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31 Jan 2023 | Cryosphere

Monitoring and understanding permafrost in Humla, Nepal

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Miriam Jackson explaining to students the importance of permafrost. (Photo: Chimi Seldon/ICIMOD)

“Do you know that the ground can be frozen?”, asks Miriam Jackson, our Senior Cryosphere Expert, to a group of bewildered students of MahaBouddha Secondary School in Yalbang, Humla District, Nepal.

We were on the final leg of our fieldwork in Humla, where we had just installed micro weather stations and deployed ground temperature sensors in various sites of the Limi Valley. Along with conducting important scientific work, educating communities about the scientific processes and implications of climate change are also critical parts of our work on permafrost. In Yalbang, we interacted with students from grades 9 and 10 to teach them about permafrost. This was the first time most of them had heard that the ground can be frozen.

importance of permafrost
Miriam Jackson explaining to students the importance of permafrost. (Photo: Chimi Seldon/ICIMOD)


Permafrost is the soil, rock, or sediment, usually held together by ice, that stays frozen for at least two consecutive years. It can be found in high-latitude and high-elevation regions, mostly 4,000 metres above the sea level in the High Mountains in case of the HKH region. A significant part of Humla falls within the famous Limi Valley, and as we travelled through the valley, our experts identified several signs that showed the presence of permafrost.

One of these signs is the rock glaciers, which are frequently used as a proxy to map permafrost distribution. Rock glaciers in the Hindu Kush Himalaya are hydrologically significant because they hold large amounts of water that are frozen. Further, rock glaciers are more resistant to climate change than glaciers. Our colleague, Prashant Baral, explains how to differentiate active rock glaciers from inactive ones.


ICIMOD has been piloting permafrost research to better understand the impacts of permafrost thaw in Humla and its possible effects on steep slopes. In the form of ice, permafrost helps bind soil and other loose material within the ground in high mountains. However, as the climate warms, permafrost starts to thaw in many parts of the world. Melting permafrost can lead to more frequent and greater landslides, especially on steep slopes.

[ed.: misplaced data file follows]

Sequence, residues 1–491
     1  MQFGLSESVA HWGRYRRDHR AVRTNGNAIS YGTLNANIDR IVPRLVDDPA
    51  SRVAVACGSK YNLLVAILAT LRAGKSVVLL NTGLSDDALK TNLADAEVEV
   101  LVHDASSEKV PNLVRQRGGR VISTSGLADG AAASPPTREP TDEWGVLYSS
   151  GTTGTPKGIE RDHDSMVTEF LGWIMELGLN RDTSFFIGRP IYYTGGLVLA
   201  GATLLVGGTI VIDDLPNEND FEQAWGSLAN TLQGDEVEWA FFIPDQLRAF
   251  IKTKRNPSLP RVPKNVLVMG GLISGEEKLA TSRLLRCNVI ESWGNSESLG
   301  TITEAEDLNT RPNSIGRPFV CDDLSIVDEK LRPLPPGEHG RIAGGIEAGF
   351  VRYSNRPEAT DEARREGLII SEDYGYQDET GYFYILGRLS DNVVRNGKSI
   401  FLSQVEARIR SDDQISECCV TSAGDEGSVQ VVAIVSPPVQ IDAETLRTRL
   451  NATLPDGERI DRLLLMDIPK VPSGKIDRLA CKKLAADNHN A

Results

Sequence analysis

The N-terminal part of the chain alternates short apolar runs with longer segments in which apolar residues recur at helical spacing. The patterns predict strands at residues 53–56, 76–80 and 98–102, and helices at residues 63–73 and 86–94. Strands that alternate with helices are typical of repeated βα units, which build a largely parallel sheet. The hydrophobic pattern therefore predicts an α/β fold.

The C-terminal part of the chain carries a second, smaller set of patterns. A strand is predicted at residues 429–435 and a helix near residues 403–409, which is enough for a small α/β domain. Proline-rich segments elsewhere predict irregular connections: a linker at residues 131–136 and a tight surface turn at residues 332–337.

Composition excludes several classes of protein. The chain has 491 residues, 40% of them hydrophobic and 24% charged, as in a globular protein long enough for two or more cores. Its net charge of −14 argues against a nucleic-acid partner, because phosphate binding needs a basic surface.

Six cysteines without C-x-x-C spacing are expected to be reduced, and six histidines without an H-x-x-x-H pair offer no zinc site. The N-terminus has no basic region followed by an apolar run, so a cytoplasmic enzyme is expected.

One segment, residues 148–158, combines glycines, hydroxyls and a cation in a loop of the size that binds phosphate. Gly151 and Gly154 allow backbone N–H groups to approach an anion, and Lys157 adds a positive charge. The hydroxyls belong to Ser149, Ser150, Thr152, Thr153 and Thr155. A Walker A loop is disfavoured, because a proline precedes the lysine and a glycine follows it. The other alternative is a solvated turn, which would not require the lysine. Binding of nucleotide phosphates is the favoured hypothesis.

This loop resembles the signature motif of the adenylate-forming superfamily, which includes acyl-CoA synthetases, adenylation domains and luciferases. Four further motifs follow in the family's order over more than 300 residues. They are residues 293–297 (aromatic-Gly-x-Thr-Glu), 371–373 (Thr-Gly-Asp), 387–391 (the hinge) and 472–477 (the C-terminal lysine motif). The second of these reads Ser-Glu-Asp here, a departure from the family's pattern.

Permafrost thaws have direct implications on the livelihoods, particularly mountain communities. It is therefore imperative to include a social angle in the physical permafrost research to collectively improve disaster preparedness, raise awareness about permafrost occurrence, and build adaptative capacity where needed.

As part of the pilot study, our research team installed an automatic weather station in Tungling, which records soil moisture, solar radiation, and ground and air temperatures in the area. Data from the weather station will help the scientific community understand the changes in ground thermal regime and subsequent changes in permafrost landscapes. Understanding these changes is essential in making recommendations on safe locations to build and develop infrastructure.


A TidbiT sensor is commonly used to record ground temperature in permafrost research. Data collected with TidbiT loggers helps determine the mean annual ground surface temperature and enables scientists to better understand and distinguish permafrost and non-permafrost areas. During the fieldwork, our team deployed 10 GST sensors (TidbiT) loggers at selected sites in Limi Valley and retrieved data from the five TidbiT sensors deployed in September 2021.

Permafrost sensors installed in 2021 and 2022
Location map: Permafrost sensors installed in 2021 and 2022.


The impacts of permafrost thaw are likely to be significant and far-reaching. It is therefore essential to understand and address these impacts as part of the efforts to address climate change. Despite widespread permafrost occurrence in the HKH, this major element of the cryosphere is under researched in the region. ICIMOD, through the pilot research in Humla, Lower Mustang, and Langtang will continue working to promote permafrost research in the region and the potential impacts of permafrost thaw to develop effective adaptation strategies.


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